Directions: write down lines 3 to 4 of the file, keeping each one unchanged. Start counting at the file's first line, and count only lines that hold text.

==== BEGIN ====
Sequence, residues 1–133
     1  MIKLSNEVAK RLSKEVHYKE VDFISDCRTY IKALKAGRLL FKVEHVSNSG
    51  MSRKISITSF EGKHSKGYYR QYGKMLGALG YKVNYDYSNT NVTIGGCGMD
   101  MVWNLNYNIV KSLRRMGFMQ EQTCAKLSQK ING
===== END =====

    51  MSRKISITSF EGKHSKGYYR QYGKMLGALG YKVNYDYSNT NVTIGGCGMD
   101  MVWNLNYNIV KSLRRMGFMQ EQTCAKLSQK ING